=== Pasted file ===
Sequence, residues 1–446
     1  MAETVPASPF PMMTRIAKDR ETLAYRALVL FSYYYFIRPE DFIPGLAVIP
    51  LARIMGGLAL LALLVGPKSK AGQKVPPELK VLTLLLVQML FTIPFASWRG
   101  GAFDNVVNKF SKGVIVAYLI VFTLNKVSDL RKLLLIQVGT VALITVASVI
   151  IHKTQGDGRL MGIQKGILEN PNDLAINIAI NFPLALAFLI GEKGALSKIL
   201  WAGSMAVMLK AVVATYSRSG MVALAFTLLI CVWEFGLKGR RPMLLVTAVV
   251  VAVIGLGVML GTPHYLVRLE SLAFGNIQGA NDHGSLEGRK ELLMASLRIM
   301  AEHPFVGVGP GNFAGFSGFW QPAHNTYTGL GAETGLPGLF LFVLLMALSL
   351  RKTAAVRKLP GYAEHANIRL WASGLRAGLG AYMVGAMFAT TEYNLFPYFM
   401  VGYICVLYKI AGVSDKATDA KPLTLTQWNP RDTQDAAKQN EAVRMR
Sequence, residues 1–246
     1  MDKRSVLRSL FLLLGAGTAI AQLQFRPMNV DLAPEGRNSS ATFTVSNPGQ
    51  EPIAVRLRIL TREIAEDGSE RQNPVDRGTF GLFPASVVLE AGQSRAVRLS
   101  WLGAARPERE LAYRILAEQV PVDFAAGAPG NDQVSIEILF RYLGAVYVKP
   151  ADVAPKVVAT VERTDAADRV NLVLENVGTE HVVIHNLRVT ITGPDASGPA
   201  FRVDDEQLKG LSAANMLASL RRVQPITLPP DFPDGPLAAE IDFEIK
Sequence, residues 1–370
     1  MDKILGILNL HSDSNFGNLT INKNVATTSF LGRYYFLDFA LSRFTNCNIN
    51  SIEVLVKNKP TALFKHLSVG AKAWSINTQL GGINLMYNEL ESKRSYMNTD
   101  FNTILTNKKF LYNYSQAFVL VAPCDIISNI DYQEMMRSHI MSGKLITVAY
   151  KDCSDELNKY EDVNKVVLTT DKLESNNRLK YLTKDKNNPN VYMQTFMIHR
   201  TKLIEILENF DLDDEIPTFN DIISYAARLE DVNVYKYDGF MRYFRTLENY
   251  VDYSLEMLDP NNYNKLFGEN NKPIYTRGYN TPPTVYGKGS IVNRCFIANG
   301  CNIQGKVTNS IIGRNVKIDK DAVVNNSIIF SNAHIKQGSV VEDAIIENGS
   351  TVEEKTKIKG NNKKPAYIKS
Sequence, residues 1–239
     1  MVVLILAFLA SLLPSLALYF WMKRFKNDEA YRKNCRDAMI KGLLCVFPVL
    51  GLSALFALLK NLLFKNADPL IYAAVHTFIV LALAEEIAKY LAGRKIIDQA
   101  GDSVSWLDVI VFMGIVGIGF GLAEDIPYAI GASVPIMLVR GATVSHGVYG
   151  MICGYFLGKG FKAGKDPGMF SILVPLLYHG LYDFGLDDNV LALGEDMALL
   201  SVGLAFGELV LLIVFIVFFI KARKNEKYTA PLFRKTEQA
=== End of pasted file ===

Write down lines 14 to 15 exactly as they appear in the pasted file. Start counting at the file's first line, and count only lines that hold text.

   101  WLGAARPERE LAYRILAEQV PVDFAAGAPG NDQVSIEILF RYLGAVYVKP
   151  ADVAPKVVAT VERTDAADRV NLVLENVGTE HVVIHNLRVT ITGPDASGPA